1 Cleveland Clinic, Nuclear Medicine, Cleveland, Ohio, United States of America


Tri-PET is a hybrid modality having characteristics of both SPECT and PET, where a multi-pinhole collimator is used with detectors operating in coincidence mode rather than single-photon mode. When using standard clinical PET detectors, Tri-PET is capable of achieving ~1mm spatial resolution for small animal imaging. A unique feature of Tri-PET is its ability to reject most background counts by comparing the coincidence line of response to the multi-pinhole geometry. However, some background counts remain, and it is necessary to understand the source and magnitude of the background counts. Background counts were analyzed from computer simulations of a 148-pinhole Tri-PET collimator designed for high resolution imaging of small animals in a clinical PET scanner. By modifying parameters of the simulations (tungsten vs non-penetrating collimator, realistic vs ideal detector energy resolution, no scatter medium vs mouse-size phantom), the background counts were classified according to their sources. For this configuration, 74% of Tri-PET counts were classified as true counts, and 26% were classified as background counts. The sources of the background counts, namely penetration through the bulk collimator (2 cm thickness), incorrect pinhole assignment during Tri-PET data processing, and scatter (from the collimator or mouse phantom), were found to be 20%, 5%, and 1%, respectively, of total Tri-PET counts. Background counts are at an acceptable level and may be minimized further through additional modifications in collimator design, by increasing the collimator thickness and the distance between pinholes.

Keywords: Tri-PET, collimator, simulation
Poster panel
(face) ID: 65

Poster Number:

Proposal for a PET scanner with 4 π steradian span (#2182)

D. Perez1, R. Herrera1, R. Chil1, G. Konstantinou1, J. M. Udías3, M. Desco1, 2, J. J. Vaquero1, 2

1 Universidad Carlos III de Madrid, Bioingenieria e Ingenieria Aeroespacial, Leganés (Madrid), Spain
2 Instituto de Investigación Sanitaria Gregorio Marañón, Madrid, Spain
3 Universidad Complutense de Madrid, Department de Física atómica, Molecular y Nuclear, Madrid, Spain


The most frequent PET scanner design is a cylindrical arrangement of detectors with the patient lying along the axial direction. This distribution does not maximize the geometrical sensitivity unless the axial extent becomes much longer that the axial FOV, a very costly solution. The optimal geometry for a PET scanner is a sphere with the specimen located at the center. The state of the art of scintillators and detectors for gamma rays do not facilitate a design with a smooth spherical geometry. In this work we propose a PET scanner design of 4π steradian span as a first approximation to the ideal spherical shape. We present here a scaled design for preclinical imaging as a proof-of concept, shaped as an icosahedron with scintillators and photodetectors covering its twenty facets. This polyhedron is preferred over other platonic solids since it combines high area of directly facing, equidistant detectors surfaces, a unique facet shape, and a low angle subtended by facets. In this way, a great number of lines of response impinges the crystal with almost orthogonal-to-the-surface angles. In the simulations the facets are covered by SiPMs arranged in matrices for multiplexing reading, coupled to a monolithic LYSO scintillator crystals laser-engraved with pixels matching the spatial sampling of the SiPM distribution. Preliminary results are based on simulations of sources of known activity distributions; histograms of lines of response distributions in polar and cylindrical projections as well as sinograms and pseudo-michelograms were produced to assess analytical, algebraical and statistical-iterative 3D reconstructions performance. The results confirm the high-sensitivity and high-resolution of the design, and the possibility of using low tracer doses and/or employ thin scintillators to minimize depth of interaction effects. Considerations about electronics requirements like pile-up rejection, deadtime and bandwidth have also been evaluated.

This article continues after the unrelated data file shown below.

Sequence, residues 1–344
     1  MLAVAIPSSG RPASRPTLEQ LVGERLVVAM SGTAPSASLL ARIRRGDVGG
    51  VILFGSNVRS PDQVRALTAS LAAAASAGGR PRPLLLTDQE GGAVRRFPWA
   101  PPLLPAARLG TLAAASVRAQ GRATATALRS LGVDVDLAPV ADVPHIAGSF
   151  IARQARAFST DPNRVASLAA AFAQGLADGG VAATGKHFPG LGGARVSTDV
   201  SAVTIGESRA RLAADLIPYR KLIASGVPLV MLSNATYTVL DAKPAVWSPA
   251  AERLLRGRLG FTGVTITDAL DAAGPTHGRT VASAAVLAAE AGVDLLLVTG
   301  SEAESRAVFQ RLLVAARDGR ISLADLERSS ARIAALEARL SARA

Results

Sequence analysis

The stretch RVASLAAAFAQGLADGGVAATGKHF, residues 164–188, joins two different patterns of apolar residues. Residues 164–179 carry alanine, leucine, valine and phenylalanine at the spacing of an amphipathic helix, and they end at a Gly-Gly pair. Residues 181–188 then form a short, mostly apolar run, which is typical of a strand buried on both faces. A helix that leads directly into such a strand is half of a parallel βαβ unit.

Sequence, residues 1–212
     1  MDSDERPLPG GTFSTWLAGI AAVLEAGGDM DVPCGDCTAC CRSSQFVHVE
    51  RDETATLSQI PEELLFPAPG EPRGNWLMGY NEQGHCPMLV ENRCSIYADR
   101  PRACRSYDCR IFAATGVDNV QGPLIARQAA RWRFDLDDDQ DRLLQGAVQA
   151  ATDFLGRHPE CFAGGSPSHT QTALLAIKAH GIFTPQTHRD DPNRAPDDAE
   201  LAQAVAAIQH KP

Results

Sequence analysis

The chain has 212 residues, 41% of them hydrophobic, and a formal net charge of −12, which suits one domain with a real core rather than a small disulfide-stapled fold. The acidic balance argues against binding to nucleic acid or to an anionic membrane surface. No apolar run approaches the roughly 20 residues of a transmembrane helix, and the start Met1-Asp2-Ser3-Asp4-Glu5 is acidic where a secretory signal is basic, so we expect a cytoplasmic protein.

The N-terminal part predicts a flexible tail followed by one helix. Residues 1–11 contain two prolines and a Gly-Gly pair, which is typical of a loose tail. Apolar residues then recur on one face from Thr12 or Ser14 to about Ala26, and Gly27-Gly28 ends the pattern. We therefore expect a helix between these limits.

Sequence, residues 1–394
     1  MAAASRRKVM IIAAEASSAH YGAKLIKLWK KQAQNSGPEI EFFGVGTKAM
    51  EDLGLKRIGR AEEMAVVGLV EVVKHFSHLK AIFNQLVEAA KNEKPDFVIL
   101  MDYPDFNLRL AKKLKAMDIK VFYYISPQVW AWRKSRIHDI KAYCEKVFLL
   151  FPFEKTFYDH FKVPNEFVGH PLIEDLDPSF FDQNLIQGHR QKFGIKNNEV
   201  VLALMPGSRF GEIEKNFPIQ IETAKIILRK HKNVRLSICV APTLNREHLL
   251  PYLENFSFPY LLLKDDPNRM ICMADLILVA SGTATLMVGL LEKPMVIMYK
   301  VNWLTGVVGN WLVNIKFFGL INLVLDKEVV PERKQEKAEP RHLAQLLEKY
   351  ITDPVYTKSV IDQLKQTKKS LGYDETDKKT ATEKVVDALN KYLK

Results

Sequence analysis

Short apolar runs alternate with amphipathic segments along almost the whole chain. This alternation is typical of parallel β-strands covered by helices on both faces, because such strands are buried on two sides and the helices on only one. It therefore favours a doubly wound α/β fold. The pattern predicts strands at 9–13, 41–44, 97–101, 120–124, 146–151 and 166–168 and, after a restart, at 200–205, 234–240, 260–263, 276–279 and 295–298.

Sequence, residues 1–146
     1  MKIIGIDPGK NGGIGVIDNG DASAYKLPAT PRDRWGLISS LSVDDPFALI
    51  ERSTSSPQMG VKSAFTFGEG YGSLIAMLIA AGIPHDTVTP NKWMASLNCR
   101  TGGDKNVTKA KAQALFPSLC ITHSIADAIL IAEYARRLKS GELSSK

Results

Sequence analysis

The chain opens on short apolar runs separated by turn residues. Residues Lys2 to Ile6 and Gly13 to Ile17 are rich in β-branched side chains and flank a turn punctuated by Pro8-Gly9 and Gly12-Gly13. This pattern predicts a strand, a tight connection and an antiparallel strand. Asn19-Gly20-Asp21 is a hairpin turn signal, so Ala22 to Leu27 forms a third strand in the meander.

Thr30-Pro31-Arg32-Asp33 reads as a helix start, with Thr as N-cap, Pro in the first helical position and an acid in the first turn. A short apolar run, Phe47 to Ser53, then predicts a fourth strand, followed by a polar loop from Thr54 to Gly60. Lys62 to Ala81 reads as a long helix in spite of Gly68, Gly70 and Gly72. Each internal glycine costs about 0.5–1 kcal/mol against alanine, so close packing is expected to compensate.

Keywords: PET, Design optimization, Silicon Photomultipliers, PET scanner
Poster panel
(face) ID: 68

Poster Number:

A Novel Laparoscope for Simultaneous NIR/Gamma/Visible Imaging during Laparoscopic Surgery (#2241)

H. G. Kang1, S. H. Song1, Y. B. Han1, H. - Y. Lee2, K. M. Kim3, S. J. Hong1, 4

1 Eulji University, Department of Senior Healthcare, Daejeon, Republic of Korea
2 Seoul National University, Department of Nuclear Medicine/College of Medicine, Seoul, Republic of Korea
3 Korea Institute of Radiological and Medical Science, Division of Medical Radiation Equipment, Seoul, Republic of Korea
4 Eulji University, Department of Radiological Science, Seongnam-Si, Republic of Korea